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Subject: tips for beginners rss

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Kevin Bourrillion
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Hi,

There's an appalling lack of strategy advice for this game. I thought I'd throw some tips out there and see if they do anyone any good. Disclaimer: I ain't no world champion. Far from it, in fact. I may try to sound like a know-it-all here, but really, you have to judge for yourself whether each of my tips is any good or not.

So with that out of the way...

WHAT IS IT WORTH?

This may seem painfully obvious, but unfortunately to many players it is not. Before you bid, take a second to think to yourself, "what actually *happens* if I win?" For example -- will it put you out of the round? (Without a civ?) Will it leave you with the lowest suns left on the table? Or with a gigantic gap in your suns, practically guaranteeing future distress? Sure, this meager lot in front of you might be "worth my 3", but if you call Ra and win it, and now your lowest sun is a 9, what future bargain opportunity might you have just lost?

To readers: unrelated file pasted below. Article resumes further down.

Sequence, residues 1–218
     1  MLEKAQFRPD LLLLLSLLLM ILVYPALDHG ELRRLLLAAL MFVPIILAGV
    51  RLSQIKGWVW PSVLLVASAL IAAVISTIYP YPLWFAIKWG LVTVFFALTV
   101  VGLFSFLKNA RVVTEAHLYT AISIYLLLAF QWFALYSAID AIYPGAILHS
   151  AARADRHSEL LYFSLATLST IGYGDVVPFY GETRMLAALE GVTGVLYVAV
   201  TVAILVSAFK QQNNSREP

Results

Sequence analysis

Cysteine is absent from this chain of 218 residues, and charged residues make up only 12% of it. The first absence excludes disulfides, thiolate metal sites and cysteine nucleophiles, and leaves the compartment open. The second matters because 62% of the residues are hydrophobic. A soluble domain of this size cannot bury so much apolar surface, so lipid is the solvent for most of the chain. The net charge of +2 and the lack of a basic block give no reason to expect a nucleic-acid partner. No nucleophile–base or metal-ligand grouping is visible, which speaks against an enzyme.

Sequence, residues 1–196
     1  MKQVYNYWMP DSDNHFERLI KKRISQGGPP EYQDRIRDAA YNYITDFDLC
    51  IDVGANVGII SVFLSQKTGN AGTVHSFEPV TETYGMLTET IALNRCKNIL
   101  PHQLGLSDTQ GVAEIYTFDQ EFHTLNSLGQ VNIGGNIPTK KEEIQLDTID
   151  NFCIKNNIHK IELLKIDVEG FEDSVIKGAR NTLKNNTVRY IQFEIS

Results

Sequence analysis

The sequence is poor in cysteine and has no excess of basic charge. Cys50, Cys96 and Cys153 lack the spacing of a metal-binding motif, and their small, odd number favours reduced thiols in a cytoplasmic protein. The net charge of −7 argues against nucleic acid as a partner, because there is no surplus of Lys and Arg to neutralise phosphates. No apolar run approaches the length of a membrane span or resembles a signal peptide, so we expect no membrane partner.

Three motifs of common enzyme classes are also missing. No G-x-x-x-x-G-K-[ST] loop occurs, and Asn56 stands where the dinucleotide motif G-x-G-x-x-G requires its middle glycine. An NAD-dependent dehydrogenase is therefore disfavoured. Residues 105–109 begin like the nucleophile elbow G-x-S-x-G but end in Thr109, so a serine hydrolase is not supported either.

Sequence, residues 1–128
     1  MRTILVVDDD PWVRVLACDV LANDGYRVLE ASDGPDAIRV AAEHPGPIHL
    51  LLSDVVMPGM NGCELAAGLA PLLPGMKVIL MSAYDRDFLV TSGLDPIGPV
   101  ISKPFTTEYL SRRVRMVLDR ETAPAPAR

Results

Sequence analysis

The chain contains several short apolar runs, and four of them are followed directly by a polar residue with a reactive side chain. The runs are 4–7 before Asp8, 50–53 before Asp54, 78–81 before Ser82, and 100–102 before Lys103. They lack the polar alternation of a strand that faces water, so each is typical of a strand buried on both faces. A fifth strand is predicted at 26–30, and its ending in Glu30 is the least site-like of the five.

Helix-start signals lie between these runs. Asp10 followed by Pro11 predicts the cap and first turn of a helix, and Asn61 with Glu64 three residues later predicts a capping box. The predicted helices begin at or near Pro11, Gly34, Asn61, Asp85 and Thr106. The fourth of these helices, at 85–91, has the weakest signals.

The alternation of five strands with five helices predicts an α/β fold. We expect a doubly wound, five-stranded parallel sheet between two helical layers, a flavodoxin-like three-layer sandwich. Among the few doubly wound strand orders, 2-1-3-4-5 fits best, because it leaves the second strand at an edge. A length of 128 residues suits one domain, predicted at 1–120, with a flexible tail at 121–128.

Many times thinking like this won't actually change your mind, but still, it's a better way to evaluate your choice than just a naive assessment of "how much is this lot worth?"

THE VALUE OF THE SUNS